Institutional Investor Exemptions. If Congress thinks that institutional investors are smart enough to deal with banks and the SEC thinks they are smart enough to deal with non-U.S. broker-dealers, then it follows that they are smart enough to deal with U.S. broker-dealers without implicating the full regulatory protections and burdens that apply to retail investors. To take but one example, the “mark up” rule that limits the prices at which securities can be sold is very appropriately applied to protect retail investors. It makes very little sense to apply that same rule to protect a billion dollar hedge fund that trades in exotic securities. The SEC needs to figure out not just which investors are smart enough to trade overseas, but which investors are smart enough to trade in the United States.

Reciprocity. I believe that, after some period of time, the SEC should allow the direct solicitation exemption only to broker-dealers in those jurisdictions that afford similar treatment to U.S. firms. For all its failings, and there are many, the U.S. regulatory system provides numerous protections to investors, and the SEC should provide a means by which U.S. firms can vigorously compete outside the United States by offering non-U.S. investors access to the protections that U.S. regulation affords.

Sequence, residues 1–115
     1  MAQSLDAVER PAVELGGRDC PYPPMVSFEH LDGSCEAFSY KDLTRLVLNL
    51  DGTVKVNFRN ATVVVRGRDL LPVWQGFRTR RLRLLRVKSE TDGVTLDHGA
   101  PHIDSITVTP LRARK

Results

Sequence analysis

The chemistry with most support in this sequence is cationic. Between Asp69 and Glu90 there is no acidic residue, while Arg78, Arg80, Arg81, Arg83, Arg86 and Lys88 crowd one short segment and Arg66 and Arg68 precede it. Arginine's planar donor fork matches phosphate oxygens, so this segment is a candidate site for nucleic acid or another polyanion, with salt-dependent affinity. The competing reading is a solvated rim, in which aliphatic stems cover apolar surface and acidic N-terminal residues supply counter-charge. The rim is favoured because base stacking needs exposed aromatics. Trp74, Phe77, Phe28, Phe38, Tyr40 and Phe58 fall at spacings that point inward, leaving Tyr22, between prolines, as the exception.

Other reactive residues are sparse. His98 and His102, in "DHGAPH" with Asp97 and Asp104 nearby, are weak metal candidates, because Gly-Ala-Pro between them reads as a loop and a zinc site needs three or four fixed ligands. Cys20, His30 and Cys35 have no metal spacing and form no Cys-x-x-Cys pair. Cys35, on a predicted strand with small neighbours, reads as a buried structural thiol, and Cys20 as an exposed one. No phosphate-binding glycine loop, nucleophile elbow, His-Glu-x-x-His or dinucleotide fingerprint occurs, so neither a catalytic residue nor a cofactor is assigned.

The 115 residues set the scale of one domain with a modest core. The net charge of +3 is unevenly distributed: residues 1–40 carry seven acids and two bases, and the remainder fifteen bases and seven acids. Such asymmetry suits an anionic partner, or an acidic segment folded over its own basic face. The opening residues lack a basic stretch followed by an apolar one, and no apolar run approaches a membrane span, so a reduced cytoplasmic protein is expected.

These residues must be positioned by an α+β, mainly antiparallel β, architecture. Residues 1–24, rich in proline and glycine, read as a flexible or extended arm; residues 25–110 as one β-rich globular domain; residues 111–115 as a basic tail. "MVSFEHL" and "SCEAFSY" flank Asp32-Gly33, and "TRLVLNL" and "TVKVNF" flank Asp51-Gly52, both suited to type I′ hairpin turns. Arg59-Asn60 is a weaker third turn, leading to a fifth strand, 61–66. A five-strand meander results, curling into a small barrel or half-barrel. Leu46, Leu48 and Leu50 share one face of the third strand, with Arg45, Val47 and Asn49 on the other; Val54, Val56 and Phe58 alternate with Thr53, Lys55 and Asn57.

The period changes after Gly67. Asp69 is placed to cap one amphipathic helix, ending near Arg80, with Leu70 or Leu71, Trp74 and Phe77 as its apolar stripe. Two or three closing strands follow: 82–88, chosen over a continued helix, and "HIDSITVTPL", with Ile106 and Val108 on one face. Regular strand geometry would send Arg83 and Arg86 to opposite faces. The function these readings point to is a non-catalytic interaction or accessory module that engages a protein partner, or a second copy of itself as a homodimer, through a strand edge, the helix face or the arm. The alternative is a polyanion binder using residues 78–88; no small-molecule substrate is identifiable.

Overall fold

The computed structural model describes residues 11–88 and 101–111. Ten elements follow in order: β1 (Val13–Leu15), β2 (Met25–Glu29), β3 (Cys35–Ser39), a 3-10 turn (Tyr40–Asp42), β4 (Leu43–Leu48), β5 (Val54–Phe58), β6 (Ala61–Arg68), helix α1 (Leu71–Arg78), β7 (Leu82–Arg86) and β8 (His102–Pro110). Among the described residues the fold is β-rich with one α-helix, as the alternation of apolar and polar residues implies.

Exchanges and Issuer Regulation. The SEC needs to figure out how to induce non-U.S. issuers to list their securities in the United States. As U.S. investors find it easier and easier to go abroad, there is less and less reason for non-U.S. issuers to subject themselves to what they perceive as a hostile regulatory environment. Obviously, the SEC is moving in a positive direction with the move towards international accounting standards, but it is playing catch up. The agency must both catch up, and figure out how it fell so far behind in the first place.